You were drunk and sweaty, and reeked of cigarette smoke. You were wearing a red shirt and a medal. You were walking with a friend. It was late afternoon and the rain had stopped, the sun making the air sultry with humidity.
I was on my way to the store to run an errand after work.
I was wearing my baby in a carrier on my chest. I was watching the post-run competitors walking past me, each in their own happy group of friends, laughing and chatting about their day.
Our eyes met. You smiled.
I stopped, flipping through faces of the people I knew inside my head and trying to place yours. By the time I had figured out you were a total stranger, you were in front of me with your arms open, forcing me — US, because my 6 month old daughter was stuck in the middle — into a hug.
You forced me into a hug.
I froze, my hands trapped by my side. The words I wanted to say not coming to me until later in the evening, when I was processing this experience. I awkwardly half-laughed and took a small step to the side.
You stepped back and asked if I had a cigarette.
“I don’t smoke,” I said.
“Cute baby,” you said.
“Yes,” I said.
And then you walked off to catch up with your friend, laughing like the others about the run, your day, the excitement or fun.
I continued in the opposite direction, passing a young woman standing outside of a restuarant, with her phone in her hand.
“Awkward, eh?” she said, having witnessed the encounter.
“Yes,” I said. “Did he get you, too?”
“Yup,” she said, before returning to texting.
By the time I returned home, I was feeling unclean and nauseous — the words I wish I’d said cluttering up my brain.
…the words I wish I’d said cluttering up my brain.
I wish I had said, “Do I know you?” “Please don’t touch me.” “Get away.”
I know you had no malicious intent — you were feeling a runner’s high and were happy and wanted to share that around — I get it, I do. In some ways, the benign nature of our encounter is the most troublesome part.
THIS is what people are talking about when they say “Rape Culture.”
You felt it was absolutely fine to force me into physical contact because your intentions were not “bad“. Our interaction didn’t bother you at all, you clearly thought it was okay.
Your actions were threatening to me. I protected myself by not reacting, not escalating, and extricating myself from the situation as quickly as I could.
This is how girls — how WOMEN — are conditioned to react to threats.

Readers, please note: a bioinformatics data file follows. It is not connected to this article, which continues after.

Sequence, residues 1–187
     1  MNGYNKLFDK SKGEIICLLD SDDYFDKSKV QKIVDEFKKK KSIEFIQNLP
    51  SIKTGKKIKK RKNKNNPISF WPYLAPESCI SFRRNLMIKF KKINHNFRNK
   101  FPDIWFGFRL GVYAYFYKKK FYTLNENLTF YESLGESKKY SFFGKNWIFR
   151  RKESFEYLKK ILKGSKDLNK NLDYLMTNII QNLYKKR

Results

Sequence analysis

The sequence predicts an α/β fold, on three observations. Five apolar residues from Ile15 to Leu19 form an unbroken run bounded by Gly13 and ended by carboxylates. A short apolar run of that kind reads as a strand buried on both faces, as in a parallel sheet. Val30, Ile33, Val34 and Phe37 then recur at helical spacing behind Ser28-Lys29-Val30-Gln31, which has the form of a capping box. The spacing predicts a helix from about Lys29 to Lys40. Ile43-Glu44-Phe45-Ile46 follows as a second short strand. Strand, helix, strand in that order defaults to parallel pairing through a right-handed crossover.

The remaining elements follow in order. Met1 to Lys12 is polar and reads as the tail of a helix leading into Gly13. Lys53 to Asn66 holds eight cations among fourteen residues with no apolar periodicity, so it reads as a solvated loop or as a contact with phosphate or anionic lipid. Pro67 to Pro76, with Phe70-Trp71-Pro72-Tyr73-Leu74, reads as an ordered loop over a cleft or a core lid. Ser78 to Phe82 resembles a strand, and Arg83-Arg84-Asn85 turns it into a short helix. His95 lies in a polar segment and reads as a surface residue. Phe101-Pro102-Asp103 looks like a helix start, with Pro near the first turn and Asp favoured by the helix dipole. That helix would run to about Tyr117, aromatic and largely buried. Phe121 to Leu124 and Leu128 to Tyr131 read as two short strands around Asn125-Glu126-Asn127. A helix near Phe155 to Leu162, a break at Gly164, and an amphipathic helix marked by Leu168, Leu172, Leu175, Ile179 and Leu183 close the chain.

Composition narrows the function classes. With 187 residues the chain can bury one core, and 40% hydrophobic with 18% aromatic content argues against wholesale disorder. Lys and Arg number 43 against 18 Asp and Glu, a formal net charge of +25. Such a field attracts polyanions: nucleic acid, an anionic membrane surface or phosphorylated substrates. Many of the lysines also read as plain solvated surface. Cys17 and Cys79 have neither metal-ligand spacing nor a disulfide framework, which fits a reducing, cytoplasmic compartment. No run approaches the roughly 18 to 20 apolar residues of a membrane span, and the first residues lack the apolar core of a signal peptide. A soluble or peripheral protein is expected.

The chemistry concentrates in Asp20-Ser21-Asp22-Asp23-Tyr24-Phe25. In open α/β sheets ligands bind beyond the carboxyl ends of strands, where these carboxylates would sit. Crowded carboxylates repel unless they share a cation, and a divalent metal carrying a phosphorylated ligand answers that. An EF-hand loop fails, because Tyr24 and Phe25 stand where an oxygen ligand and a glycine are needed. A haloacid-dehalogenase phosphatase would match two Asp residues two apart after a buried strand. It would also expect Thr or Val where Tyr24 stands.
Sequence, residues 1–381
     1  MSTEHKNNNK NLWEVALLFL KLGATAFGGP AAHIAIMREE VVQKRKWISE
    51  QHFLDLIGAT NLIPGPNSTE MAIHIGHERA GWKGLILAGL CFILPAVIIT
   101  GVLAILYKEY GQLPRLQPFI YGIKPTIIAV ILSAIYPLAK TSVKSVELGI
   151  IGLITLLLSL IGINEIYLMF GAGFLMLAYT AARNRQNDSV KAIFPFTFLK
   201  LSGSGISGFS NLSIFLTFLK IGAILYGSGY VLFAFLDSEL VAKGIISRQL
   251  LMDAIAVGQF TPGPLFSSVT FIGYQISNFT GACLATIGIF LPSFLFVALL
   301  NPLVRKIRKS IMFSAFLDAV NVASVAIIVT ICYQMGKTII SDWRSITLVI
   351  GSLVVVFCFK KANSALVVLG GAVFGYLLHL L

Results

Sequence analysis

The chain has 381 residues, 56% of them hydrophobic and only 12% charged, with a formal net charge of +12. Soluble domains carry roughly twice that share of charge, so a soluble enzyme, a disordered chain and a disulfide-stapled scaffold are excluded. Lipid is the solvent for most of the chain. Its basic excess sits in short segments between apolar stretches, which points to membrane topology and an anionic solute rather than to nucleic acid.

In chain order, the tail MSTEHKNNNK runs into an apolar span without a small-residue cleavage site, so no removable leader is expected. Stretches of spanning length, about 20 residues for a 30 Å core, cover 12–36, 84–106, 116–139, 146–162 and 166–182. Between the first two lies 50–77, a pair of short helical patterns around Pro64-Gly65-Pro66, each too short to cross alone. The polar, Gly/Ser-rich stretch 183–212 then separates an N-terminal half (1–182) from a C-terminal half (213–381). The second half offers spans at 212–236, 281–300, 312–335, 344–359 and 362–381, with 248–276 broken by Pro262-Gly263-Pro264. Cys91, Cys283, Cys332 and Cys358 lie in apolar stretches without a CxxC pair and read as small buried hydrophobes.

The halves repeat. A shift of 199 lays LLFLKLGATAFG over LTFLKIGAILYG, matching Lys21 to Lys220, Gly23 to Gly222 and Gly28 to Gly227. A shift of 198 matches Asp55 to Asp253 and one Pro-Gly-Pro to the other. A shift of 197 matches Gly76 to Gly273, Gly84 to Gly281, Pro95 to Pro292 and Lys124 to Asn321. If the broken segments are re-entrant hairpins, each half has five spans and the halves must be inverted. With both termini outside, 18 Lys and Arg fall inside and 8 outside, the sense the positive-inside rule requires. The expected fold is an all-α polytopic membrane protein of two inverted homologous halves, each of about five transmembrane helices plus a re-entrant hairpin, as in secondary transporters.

To the untrained eye, this could be perceived as accepting your attention and not viewing your behaviour as a threat.
I assure you this was not the case.
I am mostly angry for my daughter…
I am angry with myself for not telling you to get your hands off of me, but I am mostly angry for my daughter:
She is 6 months old right now. I am raising her, as I am raising her three brothers, to understand that the only body she owns is her own.
If attitudes like yours don’t change, someday she will experience the same situation into which you forced me. Someday she will have to laugh it off like it doesn’t matter and try to escape without engaging any extra attention.
Someday she will have to laugh it off like it doesn’t matter…
Someday she will be torn between wondering if it was somehow her fault, if she invited the attention by the way she dressed or smiled, or if she could have done something differently to ensure it didn’t happen.
Someday I will have to tell her that it is not her fault.
That this was not my fault.
It is your fault.
It is the fault of every man and woman who denies that this is a problem, and insist that “Rape Culture” does not exist. It is the fault of every man who thinks it is okay to touch a woman without her consent. It is the fault of every woman who rug sweeps it away with a “that’s just how he is — he’s very friendly”. It is the fault of the passers-by who don’t intervene.
It is the fault of every person who accepts this type of behaviour as status quo and does nothing to enact change.
The only missed connection here is between your behaviour and my consent.